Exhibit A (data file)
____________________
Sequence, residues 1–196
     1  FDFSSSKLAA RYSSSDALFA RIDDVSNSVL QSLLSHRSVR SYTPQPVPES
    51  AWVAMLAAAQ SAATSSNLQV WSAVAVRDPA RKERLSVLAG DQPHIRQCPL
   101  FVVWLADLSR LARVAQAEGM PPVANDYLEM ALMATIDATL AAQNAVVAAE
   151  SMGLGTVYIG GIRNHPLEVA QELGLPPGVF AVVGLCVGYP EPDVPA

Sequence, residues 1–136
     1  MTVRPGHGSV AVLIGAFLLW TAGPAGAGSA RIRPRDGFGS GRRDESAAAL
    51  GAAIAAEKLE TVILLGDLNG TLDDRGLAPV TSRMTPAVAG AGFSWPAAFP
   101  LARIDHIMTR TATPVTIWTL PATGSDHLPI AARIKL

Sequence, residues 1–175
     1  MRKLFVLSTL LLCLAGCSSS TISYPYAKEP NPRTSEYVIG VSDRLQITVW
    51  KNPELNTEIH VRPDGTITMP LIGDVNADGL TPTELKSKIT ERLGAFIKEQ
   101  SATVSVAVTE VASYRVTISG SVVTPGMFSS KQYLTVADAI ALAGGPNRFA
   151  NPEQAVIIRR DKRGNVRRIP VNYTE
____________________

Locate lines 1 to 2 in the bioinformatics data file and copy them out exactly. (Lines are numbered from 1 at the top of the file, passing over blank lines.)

Sequence, residues 1–196
     1  FDFSSSKLAA RYSSSDALFA RIDDVSNSVL QSLLSHRSVR SYTPQPVPES